Covering Platte County, Missouri Weekly Since 1865
Legal Notices
County Foreclosures
Local News
Between the Lines
by Ivan Foley
The Rambling Moron
by Chris Kamler
The Right Stuff
by James Thomas
Straight from Stigall
by Chris Stigall
Parallax Look
by Brian Kubicki
KC Confidential
by Hearne Christopher
Off the Couch
by Greg Hall
Pleasantly Eccentric
by Aimee Patton
Pig Skin Picks
Letters to the Editor
"Send Your Letter"
Weekly publication dates are Wednesdays
52 Main Street0
P.O. Box 410
Platte City, Missouri 64079

Fax :816-858-2313
by email
Click Here!
by phone



Commission demands
Willard repay funds;
seeks prosecution
County wants treasurer to personally cover
the loss; criminal investigation sought

by Ivan Foley
Landmark editor

Platte County commissioners are demanding repayment of money from the county treasurer and are asking the county prosecutor’s office to investigate a potential criminal charge against the treasurer for his action in wiring $48,200 to an email scammer recently.

Commissioners have sent a letter to Rob Willard, Platte County treasurer, demanding that he personally pay back approximately $20,000. The $20,000 represents the yet-to-be recovered amount of the total $48,200 fraudulent transaction. The county was able to recover about $28,200 of the money by working through its bank’s fraud department.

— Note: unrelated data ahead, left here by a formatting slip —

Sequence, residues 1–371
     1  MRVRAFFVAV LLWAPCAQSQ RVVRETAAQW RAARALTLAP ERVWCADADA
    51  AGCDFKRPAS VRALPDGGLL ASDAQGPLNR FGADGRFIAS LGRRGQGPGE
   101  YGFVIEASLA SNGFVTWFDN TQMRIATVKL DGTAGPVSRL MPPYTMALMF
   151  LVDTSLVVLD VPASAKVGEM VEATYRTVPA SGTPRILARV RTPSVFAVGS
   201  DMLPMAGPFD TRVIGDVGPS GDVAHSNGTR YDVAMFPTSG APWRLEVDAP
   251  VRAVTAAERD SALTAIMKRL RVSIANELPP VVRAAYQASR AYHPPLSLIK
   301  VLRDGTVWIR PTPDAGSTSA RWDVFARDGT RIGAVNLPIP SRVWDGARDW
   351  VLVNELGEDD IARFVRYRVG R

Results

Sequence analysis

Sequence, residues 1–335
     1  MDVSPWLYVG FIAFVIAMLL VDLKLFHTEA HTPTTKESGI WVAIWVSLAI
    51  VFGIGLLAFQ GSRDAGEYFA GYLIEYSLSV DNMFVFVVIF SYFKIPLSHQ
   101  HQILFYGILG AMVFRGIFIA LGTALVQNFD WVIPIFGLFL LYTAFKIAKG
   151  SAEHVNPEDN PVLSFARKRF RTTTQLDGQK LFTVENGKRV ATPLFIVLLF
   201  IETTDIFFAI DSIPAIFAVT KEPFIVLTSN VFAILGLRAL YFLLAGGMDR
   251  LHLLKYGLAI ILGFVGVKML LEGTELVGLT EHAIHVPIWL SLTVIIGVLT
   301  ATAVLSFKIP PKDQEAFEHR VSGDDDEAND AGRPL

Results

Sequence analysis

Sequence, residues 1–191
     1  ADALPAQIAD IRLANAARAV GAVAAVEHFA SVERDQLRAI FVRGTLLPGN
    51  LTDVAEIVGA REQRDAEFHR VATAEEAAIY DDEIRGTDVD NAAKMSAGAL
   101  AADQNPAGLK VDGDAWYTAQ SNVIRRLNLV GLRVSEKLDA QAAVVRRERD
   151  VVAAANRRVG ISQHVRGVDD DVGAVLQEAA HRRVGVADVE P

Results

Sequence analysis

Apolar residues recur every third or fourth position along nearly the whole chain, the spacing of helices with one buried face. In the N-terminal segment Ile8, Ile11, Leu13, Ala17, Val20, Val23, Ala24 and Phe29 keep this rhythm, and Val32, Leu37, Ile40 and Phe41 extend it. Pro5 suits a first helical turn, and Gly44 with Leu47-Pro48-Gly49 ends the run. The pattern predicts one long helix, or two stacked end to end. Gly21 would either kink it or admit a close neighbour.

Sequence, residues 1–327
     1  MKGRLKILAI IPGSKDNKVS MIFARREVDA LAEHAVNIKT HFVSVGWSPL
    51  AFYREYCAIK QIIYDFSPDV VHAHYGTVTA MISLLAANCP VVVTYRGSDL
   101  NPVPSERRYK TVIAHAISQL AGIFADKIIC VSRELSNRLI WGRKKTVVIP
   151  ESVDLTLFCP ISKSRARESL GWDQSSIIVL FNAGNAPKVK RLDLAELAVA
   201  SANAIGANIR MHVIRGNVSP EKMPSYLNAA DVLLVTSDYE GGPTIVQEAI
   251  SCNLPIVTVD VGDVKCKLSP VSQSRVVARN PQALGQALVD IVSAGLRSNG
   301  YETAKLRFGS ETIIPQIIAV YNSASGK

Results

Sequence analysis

Willard’s wire transfer of $48,200 in county funds to an email scammer occurred on the Friday before Memorial Day weekend (see related story on front page).

The letter to the treasurer, hand-delivered on Tuesday, indicates that if Willard does not personally repay the money within a week the county commission will pursue action against the treasurer’s surety bond. The county prosecutor would be the office to file the claim on the bond, county officials indicated.

A separate letter sent to Platte County Prosecutor Eric Zahnd indicates that it appears to the county commission that a state statute was violated by the actions of the county treasurer in the May 27 transaction. The commission asks the prosecutor to investigate the matter for a potential criminal charge.

If so, statutes indicate it would be a misdemeanor charge.

For updates on this story, follow The Landmark on Twitter @ivanfoley.